Is Our Well Going Dry? EEK!

Water is critical for survival. Life cannot be sustained without it. For those of you who live in the city, you simply turn on your tap and water flows freely; and if it doesn’t, you have a utility company to call for service and fix your water problem.

What do you do if you live out in the country, and you turn on the faucet one afternoon – only to have brown water trickle out and then stop flowing altogether? This happened to us recently! We are normally conservative with our water usage and we’ve also had quite a bit of rain this season, so running our well dry was not an immediate concern… until it actually happened.

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How can a well go dry?

There are several reasons a well can go dry.

1.) DROUGHT. We have a shallow well that’s maybe 60 feet deep and taps into a unconfined aquifer. If not enough rain falls to replenish the groundwater, then there isn’t enough water available in the ground to pump out.

2.) NEW WELLS DRILLED IN THE AREA. There were two new homes built up the road from us, which means additional wells drilled into the aquifer. More straws in the bucket means that the bucket gets drained faster, and your straw might now be too short to reach the water level.

3.) USAGE. If water is being removed from the well faster than it can recharge (seep) back in, then the well can go dry. In our well, the 60 foot depth provides us with a column of water that acts as a storage tank. We draw from this column of water, and fresh water seeps back in at a rate determined by the permeability of the rock around it. If we pump out all the water too fast, we end up with no water at all.

What should you do if your well goes dry?

1.) First, check your pump & lines. Sudden water stoppage could be due to equipment malfunction: a dirty filter, a tripped breaker, a well pump giving up the good fight, a leaky water line, and so on. Our pump is less than two years old and still in good working order, and we could find no evidence of a broken or cracked water line anywhere.

2.) Next, wait. Maybe have a beer, you know, cause you’re out of water. It’s possible that the well ran dry simply due to usage. By next morning, our water was back, though it was murky at first due to stirred up sediment.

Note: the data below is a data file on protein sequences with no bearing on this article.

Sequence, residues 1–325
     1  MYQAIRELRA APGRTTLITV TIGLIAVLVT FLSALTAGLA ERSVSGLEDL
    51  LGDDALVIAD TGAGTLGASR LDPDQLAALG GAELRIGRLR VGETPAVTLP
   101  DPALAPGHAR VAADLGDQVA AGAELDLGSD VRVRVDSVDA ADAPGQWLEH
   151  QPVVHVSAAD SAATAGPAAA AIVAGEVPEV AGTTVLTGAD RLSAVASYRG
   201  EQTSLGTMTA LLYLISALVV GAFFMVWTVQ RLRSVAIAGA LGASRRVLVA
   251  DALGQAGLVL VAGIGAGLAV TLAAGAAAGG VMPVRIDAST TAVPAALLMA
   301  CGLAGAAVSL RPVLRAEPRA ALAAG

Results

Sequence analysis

3.) If your water does not return in a day or so, it’s time to call a well service. There are options for improving an existing well such as drilling deeper or hydrofracturing to open up underground pockets to increase your well’s performance. The well service will be able to tell you what steps are recommended.


What can you do to prevent this issue?

1.) Have your well professionally inspected. Seriously. Do NOT skimp on this. A well service will be able to give you the heads up if there are any concerns that you should be aware of. We were warned when we bought our place that our shallow well might have groundwater issues down the road and that drilling a deeper well might be in our future. So, it’s something we have kept in mind and continue setting aside money for.

2.) Just because you have a well, that doesn’t mean you shouldn’t store water! One of the great things about living out in the country and having a well is being a little bit safer with your water supply. But don’t let yourself get lulled into complacency simply because you have a well. You may have more power over your water, but with greater power comes greater responsibility. Make sure you’ve got enough potable water set aside to tide you over for several days if your water dries up suddenly.

3.) Watch your usage. Pamper your well, because drilling a new well can be prohibitively expensive. This means low-flow shower heads, staggering baths and showers, limiting or hand-washing laundry.

The Final Word On Our Well

So what about our personal situation? Our well seems to be functioning great now, after a day of very limited water use. This leads us to believe that we probably just used too much water too fast. I did wash an inordinate amount of laundry the day before we ran dry, as my son had just gotten back from camp; plus the farm doggies got their weekly baths the same day.  Now, we’ve got water back, it’s running clear and with good water pressure. We’ll continue to be careful with our water usage and increase our water storage.

We’re also saving up for a new well and well house.  While our current well functions just fine as long as we control our usage, we will need a deeper water supply as we expand operations and add an aquaponics system.  Our shallow well will not be adequate in the long run for all our future projects.   Plans for the new well house also include a solar array and battery bank to power the pump, an external water storage tank, an outdoor produce processing area, and a separate outdoor shower / doggie bath area, so it will be a big project!  Once the new well is in place, we’ll have a shallow and a deep well for two sources of water supply, and that will be reassuring.

This little experience was an excellent reminder (and kick in the rear) that we cannot get complacent with our water supply and have to remain good stewards of it!


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